This is largely due to the investment value driven visions of the multinationals top management decision makers. Some corporations profit centres are now in far away Indonesia, Australia or Thailand.

But not Nigeria. What may be responsible for this? The answer is the competitive enabling environment that has been created by each geopolitical economic zones of the world.

Nigeria as at today is not a competitive economy. And that is why many multinational companies cannot set up their production facilities nor sustain them.

Examples are Dunlop and Michelin tyres that left Nigeria because of lack of access to cheap rubber, and lack of stable electricity to power their plants.

Another reason why the multinationals always migrate production facilities to any competitive environment in the world is because their shareholders are after handsome dividends annually.

So, most of them find a competitive environment to set up theirs facilities for optimal returns on investment. Finally, the more Nigerian governments work towards providing a more competitive enabling environment, the less the multinational corporation will exit from Nigeria.

The energy sector in Nigeria has not been very stimulating since 2009 because of the local conditions with our banks. Not many local investors and banks have access to long term funds (patience capital) to invest in oil and gas asset acquisitions

Is it fair to say this is as a result of bad policy decisions from the government and an unfriendly business environment?

To a large extent, yes. We have had inconsistent economic and industrial development policies.

Nigeria has missed so many opportunities to develop her railway transportation system, deep sea ports, electricity infrastructure for heavy industries and importantly skilled labour development such as you have in Mexico, South Korea, Malaysia, generally the BRIC nations.

Let us take two typical examples as to why the market is not competitive and unattractive.

The first is the textile industry with which Nigeria has huge comparative advantage to grow huge cotton as the major raw material input for the textile industry but, we are no where compared to Egypt.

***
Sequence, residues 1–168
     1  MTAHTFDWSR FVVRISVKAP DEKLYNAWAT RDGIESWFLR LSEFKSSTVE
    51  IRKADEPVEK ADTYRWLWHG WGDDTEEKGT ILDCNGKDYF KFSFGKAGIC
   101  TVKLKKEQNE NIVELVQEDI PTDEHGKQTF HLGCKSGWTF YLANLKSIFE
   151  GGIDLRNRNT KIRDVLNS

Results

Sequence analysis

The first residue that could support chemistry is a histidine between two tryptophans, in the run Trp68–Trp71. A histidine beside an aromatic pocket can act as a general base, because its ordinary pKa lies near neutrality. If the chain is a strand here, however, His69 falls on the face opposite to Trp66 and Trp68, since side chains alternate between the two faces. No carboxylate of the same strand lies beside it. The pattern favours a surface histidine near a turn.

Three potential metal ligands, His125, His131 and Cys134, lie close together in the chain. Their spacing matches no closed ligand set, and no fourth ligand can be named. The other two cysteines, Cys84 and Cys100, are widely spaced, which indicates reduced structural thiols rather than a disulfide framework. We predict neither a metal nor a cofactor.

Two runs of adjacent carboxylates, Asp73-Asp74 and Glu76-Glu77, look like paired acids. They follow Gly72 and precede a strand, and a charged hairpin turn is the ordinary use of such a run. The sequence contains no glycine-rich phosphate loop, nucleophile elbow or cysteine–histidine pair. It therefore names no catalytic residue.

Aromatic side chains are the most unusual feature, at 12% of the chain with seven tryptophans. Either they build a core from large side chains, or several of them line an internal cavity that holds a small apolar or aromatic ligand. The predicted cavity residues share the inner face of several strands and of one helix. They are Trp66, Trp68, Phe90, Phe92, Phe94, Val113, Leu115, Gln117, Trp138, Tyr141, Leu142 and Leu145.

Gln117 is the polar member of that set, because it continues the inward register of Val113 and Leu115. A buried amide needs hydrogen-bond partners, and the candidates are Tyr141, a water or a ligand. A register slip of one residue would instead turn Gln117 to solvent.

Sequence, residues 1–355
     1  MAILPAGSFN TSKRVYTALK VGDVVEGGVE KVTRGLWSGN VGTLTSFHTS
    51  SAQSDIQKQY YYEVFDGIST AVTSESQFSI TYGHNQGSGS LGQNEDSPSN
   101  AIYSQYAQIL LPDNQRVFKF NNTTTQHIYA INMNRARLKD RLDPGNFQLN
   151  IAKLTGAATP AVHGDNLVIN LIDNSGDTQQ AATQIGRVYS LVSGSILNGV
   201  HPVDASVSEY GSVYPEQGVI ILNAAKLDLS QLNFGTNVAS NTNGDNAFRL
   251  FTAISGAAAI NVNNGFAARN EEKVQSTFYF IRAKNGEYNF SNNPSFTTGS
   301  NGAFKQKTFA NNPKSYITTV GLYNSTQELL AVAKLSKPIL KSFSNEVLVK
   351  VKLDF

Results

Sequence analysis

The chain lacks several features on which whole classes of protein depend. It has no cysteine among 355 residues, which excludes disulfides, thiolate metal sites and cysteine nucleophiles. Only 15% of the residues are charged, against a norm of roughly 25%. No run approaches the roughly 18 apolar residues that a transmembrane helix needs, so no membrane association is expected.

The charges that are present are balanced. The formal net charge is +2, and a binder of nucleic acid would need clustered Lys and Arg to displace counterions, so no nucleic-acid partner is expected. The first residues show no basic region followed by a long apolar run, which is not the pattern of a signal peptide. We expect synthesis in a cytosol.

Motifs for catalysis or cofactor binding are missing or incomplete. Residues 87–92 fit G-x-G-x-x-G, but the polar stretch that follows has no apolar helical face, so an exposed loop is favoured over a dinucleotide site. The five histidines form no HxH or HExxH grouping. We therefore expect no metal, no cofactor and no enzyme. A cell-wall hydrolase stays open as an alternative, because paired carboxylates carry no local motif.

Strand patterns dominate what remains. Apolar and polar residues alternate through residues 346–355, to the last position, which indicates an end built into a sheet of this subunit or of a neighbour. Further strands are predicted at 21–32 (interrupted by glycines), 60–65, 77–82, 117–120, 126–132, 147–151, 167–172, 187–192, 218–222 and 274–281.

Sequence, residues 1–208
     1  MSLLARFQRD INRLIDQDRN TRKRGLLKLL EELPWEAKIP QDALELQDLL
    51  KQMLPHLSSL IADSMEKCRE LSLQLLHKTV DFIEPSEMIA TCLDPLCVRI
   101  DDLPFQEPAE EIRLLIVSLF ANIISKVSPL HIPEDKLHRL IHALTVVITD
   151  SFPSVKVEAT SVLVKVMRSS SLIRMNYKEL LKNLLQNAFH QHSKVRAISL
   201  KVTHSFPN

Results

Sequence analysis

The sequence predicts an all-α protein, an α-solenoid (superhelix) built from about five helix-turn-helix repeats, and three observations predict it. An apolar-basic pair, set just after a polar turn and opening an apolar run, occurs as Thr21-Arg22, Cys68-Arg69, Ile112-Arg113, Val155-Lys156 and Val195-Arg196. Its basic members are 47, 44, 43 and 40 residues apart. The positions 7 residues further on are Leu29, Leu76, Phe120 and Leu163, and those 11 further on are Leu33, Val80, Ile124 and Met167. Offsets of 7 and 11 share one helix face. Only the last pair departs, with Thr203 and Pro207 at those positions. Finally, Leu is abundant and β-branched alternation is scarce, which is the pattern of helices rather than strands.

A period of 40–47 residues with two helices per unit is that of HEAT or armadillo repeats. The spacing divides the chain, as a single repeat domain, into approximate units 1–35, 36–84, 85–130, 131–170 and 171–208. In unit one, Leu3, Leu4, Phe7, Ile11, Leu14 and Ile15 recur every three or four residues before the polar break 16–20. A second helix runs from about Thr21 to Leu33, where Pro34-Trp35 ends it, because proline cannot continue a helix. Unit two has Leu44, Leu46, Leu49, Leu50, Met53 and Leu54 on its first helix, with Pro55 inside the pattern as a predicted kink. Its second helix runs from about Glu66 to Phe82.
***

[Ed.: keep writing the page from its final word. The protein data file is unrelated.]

The second is the crude oil refinery where Nigeria has a huge comparative advantage to take crude oil from the IOC as feedstock for the refinery. But today Nigeria is importing all her petroleum products requirement.

What will a decline in investment in Nigeria's oil sector mean for future production in the industry?

With a declining investment in the Nigerian oil sector, our future revenue from oil is threatened but having said this, does not imply that Nigeria cannot quickly attract more investment into her huge gas reserves in order to shore up the huge deficit from oil in 3-10 years’ time.

This situation brings a new opportunity for the Nigerian government to look closely and rapidly into gas value investment.

Nigeria as at today is not a competitive economy. And that is why many multinational companies cannot set up their production facilities nor sustain them

How much investment do you think the country needs in the next few years to increase production capacity as world consumption grows?

In relative terms, oil consumption will not grow as rapid as ever again. But rather, natural gas will take over. The energy supply evolution of the world from coal to crude oil and now to gas and renewable energy.

The investment required to drive Nigeria to the point where Brazil, India and United Arab Emirates are today cannot be less than 15 billion dollars capital expenditure per year.

Nigeria needs huge and massive investments in gas exploration and production, gas processing plants and electricity production, electricity transmission as well as heavy industrial productions.

Nigeria requires huge investment in human capital development. Skill and brain is what drives the new prosperity of the world.

But this new knowledge economy can only thrive on solid physical infrastructure like good roads, deep sea ports, good aviation industry and optic fibre homes.

The totality of this investment is going to run into billions of dollars on an annual basis and must be consistent for 10-15 years if Nigeria is to be anywhere near South Africa or Dubai or China.

Finally with all this projections and good governance, the required capacity will emerge to drive the prosperity of the Nigerian people. It requires a lot of work and commitment.